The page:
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Works of Art and Clocks

Mantel Clocks

Mantel clocks are a type of antique clock that differ to a bracket clock. A mantel clock tends to be a smaller antique clock in a base metal, often ormolu or bronze, or in a marble case, and tend to be of French manufacture.

As the name suggests, mantel clocks where made to sit on a mantelpiece and, therefore, the proportions tended to favour a case that was longer but thinner.

A French ormolu and chempleve enamel clock garniture (FS18/763) went to the Chinese market for a winning bid of £4,200.

A French ormolu and chempleve enamel clock garniture went to the Chinese market for a winning bid of £4,200.

The majority of mantel clock examples that pass through our hands are of French manufacture, with movements supplied by the leading clock makers of the day such as Henri Marc, Pons, Samuel Marti, Japy Freres and Raingo Freres being the most prolific, with each mantel clock movement maker having his own individual stamp that would be embossed on the backplate of the clock movement.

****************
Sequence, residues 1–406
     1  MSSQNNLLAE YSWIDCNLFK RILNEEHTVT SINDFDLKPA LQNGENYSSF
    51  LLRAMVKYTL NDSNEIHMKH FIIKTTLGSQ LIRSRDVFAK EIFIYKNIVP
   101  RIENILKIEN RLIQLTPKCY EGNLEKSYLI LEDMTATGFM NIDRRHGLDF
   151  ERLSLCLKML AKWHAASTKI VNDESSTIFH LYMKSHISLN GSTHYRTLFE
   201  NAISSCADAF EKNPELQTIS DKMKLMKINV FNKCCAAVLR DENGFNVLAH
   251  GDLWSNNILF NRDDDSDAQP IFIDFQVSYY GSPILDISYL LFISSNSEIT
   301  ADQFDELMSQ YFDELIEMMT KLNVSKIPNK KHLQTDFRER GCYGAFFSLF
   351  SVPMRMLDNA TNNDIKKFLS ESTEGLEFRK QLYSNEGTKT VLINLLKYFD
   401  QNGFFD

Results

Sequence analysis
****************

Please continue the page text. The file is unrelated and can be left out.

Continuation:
Other, more illustrious French mantel clock makers were supplying the nobility and aristocracy of France in the late 18th and early 19th centuries and, therefore, mantel clocks signed by makers such as Lepine, Lepaute, Janvier and, of course, the great Abrham Brequet command quite a premium.

The English also produced fine mantel clocks with Victorian makers such as the Vulliamy family, although their clock movements tended to be made with a fusee rather than the French style with a spring barrel.

Other countries were producing fine mantel clocks, not least the Austrians, the Germans, and the Dutch who were at the forefront of horological innovation, Amsterdam being the home of Christiaan Huygens who, working his magic on Christmas Day, 1656, adapted an existing clock movement to use a pendulum and so invented the first pendulum clock, as opposed to the far less relable balance escapement.


Martin McIlroyMartin McIlroy
Department Head

Leigh ExtenceLeigh Extence
Clock Consultant